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LEVEL DIVISION

The appropriate level of performance (Beginner, Intermediate & Elite) must be determined at the discretion of the teacher using the table below:

NEW

BEGINNER

1-4 hours a week of dance training.

*An ”Elite” dancer cannot perform in a group with”beginner” level dancers.

*Recommended for recreational dancers.

 

If the dancers in the routine perform anything more advanced than the following steps, the routine will be bumped up to the next level category:

*Single pirouette.

*More than 2 technical elements.

INTERMEDIATE

5-6 hours a week of dance training.

*An “Intermediate” dancer can perform in a group with beginner and/or elite level dancers.

 

If the dancers in the routine perform anything more advanced than the following steps, the routine will be bumped up to the next level category:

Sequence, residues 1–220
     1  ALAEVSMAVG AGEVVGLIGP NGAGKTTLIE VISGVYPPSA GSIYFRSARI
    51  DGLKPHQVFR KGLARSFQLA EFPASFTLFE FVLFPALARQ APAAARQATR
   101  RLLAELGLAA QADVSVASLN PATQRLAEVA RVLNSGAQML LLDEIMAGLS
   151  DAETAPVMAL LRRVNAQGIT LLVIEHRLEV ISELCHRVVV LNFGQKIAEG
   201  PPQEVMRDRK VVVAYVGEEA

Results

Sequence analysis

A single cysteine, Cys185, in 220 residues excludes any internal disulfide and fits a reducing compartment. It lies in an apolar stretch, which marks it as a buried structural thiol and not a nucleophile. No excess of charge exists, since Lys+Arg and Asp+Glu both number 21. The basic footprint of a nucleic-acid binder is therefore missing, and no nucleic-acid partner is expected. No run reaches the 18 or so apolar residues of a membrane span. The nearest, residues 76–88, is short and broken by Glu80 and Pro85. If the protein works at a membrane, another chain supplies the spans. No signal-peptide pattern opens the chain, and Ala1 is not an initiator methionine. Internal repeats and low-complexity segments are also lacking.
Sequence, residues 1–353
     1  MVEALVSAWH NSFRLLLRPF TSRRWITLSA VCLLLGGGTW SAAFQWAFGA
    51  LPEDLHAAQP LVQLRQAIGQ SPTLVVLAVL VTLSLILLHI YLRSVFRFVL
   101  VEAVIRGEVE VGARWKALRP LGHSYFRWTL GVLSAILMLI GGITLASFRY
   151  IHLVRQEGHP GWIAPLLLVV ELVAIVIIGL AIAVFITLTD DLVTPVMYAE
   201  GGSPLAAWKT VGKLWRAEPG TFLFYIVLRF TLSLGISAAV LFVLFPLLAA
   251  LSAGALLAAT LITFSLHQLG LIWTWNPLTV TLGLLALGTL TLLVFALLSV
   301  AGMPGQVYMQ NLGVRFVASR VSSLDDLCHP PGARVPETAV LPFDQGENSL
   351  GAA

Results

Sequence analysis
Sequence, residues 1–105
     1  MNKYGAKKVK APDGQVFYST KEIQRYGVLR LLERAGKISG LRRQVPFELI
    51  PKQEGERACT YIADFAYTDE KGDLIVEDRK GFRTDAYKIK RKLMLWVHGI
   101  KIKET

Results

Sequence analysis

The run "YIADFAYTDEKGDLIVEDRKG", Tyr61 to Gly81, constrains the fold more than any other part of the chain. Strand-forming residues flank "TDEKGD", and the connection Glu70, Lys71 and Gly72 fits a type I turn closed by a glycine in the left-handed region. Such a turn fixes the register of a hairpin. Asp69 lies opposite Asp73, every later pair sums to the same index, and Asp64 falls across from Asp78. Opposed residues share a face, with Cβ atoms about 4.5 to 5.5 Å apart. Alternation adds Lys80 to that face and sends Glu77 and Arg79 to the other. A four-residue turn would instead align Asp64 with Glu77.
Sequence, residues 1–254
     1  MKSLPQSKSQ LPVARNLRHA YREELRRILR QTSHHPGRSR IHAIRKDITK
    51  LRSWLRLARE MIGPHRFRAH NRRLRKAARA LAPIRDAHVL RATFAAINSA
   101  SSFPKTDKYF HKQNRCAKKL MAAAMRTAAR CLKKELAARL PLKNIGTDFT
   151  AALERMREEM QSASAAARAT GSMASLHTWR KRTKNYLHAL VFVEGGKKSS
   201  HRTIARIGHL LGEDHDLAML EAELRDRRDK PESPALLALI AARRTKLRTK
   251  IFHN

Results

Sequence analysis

*Double pirouette.

*More than 4 technical elements.

ELITE

7+ hours a week of dance training.

*An ”Elite” dancer cannot perform in a group with”beginner” level dancers.

 

If the dancers in the routine perform anything more advanced than the following steps, the routine will be bumped up to the next level category:

*Triple or more pirouettes.

*More than 6 technical elements.

It is recommended that levels are determined based on the number of hours of classes per week and not rehearsals. However, it is important to recognize that in addition to classes, other factors can be taken into account in determining your students placement:

  

  • Years of dance experience within the classroom

  • Years of experience in competitive dance

  • The variety and quality of hours of dance training

 

The routine can be promoted to a different level category if two or more judges mark the PROMOTION BOX in their score sheet, suggesting that the routine must be bumped up because of its advanced level. 

*** All decisions of the judging panel and the competition director are final and cannot be contested.